Flower Power: Mid-winter gardening indoors and out

News Desk (07 February, 2019) Columnists

'Houseplants need attention; they have had months of low light levels, and fluctuating temperatures as heating is turned up - and down'

27793Crocus flowers

Winter is said to start on 21st December at the Solstice – and lasts for three months therefore, we are about midway through, writes Jackie Power…

This timescale is more of a convenient description for weather forecasters rather than the actual length that each season lasts.  As temperatures began to fall around the third week in January – sleet and snow showers arrived.

February brings Snowdrops, golden Crocus and early varieties of daffodils; these bulbs together with the bright yellow of the winter Jasmine, Witch hazel, Mahonia and pink Camellia flowers bring more colour to the winter garden.

Weather permitting – trees, shrubs and fruit bushes can be planted – this is one of the usual tasks for February, although planting can be delayed until March if it is too wet or the ground is frozen.

Dwarf fruit trees such as apple, cherry or pear can also be planted in pots on the balcony/patio. They are lovely plants to grow – with soft white or pink blossom in spring and fruits late summer / autumn! It is also possible to grow raspberries (dwarf variety ‘Ruby Beauty’) and blueberry bushes in containers, the latter needing a peat based compost (or a mix of coir compost which is more environmentally sustainable).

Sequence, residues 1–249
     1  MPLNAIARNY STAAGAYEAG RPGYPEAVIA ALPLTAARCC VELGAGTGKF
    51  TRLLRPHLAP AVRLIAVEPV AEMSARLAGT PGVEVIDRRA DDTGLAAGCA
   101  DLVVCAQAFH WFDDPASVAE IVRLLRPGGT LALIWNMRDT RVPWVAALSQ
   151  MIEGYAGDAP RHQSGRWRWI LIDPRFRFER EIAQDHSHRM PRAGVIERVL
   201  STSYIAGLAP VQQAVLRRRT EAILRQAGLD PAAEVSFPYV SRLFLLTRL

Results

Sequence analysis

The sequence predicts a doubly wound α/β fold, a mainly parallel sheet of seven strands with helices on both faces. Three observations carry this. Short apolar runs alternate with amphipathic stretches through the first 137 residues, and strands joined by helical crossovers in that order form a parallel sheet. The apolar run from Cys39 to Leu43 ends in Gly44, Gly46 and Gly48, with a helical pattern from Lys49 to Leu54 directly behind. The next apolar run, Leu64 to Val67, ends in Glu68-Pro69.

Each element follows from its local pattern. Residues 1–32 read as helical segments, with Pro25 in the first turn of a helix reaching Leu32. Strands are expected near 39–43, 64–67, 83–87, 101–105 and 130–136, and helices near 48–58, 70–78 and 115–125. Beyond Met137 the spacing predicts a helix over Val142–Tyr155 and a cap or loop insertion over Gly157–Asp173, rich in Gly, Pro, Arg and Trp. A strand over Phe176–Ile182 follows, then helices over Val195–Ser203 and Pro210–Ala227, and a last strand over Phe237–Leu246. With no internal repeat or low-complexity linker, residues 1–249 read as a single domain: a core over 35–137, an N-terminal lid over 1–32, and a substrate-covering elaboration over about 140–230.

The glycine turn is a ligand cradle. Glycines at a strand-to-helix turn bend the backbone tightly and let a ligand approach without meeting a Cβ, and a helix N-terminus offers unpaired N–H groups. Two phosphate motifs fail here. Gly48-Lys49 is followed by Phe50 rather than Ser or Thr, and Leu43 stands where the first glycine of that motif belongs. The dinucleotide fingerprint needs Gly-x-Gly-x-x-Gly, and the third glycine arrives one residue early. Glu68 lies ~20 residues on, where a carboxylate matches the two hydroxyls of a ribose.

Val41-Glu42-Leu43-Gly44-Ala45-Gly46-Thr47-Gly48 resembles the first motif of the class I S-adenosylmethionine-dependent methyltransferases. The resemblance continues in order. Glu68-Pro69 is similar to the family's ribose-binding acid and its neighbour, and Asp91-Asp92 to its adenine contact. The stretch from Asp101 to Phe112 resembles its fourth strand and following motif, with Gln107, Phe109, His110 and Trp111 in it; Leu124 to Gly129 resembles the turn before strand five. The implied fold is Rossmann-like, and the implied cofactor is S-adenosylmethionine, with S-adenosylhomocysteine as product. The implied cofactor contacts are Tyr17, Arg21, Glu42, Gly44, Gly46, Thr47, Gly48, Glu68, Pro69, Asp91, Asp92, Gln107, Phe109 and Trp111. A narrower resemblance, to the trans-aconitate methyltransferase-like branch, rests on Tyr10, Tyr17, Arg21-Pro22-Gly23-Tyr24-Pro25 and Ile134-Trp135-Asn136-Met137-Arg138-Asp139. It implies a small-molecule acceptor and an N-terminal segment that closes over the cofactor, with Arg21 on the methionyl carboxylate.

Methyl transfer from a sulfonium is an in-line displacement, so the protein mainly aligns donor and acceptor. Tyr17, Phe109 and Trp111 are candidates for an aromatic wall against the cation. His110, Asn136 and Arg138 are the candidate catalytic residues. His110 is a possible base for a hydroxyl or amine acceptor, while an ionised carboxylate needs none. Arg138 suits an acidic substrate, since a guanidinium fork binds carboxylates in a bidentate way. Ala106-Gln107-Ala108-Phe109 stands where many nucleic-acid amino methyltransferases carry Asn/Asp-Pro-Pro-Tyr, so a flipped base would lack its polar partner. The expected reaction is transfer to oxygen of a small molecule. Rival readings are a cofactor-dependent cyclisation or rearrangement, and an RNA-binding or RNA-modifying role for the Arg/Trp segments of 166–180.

Fruit trees and bushes can be obtained from specialist suppliers such as Ken Muir Nurseries – T: 01255 830181 www.kenmuir.co.uk  or www.gardeningexpress.co.uk (check out the section on trees for containers).

Houseplants need attention; they have had months of low light levels, and fluctuating temperatures as heating is turned up – and down.  Check to see they have not been attacked by any pests such as scale insect (Orchids are especially susceptible); these curious small, spot-like brown bumps appear on leaves and stems.

They are sap sucking insects and an infestation will over time severely weaken the plant; scale cause stickiness on foliage and generally on surfaces around the plant. The best way to remove scale is to moisten a paper towel with warm water and very gently rub the scale off stems, leaves and flowers.

These bugs are easy to remove – but new ones tend to reappear out of nowhere. Repeat removal process as necessary. (Also clean the stickiness from foliage). Increase watering, but keep houseplants on the dry side – especially succulents and cacti (making sure the compost dries out thoroughly between each watering) until light levels increase at the end of March.

Leave a Comment

Your email address will not be published.

You may use these HTML tags and attributes: <a href="" title=""> <abbr title=""> <acronym title=""> <b> <blockquote cite=""> <cite> <code> <del datetime=""> <em> <i> <q cite=""> <s> <strike> <strong>

*

tags

Related Topics

Jackie Powerflower power
Southwark NewsComment,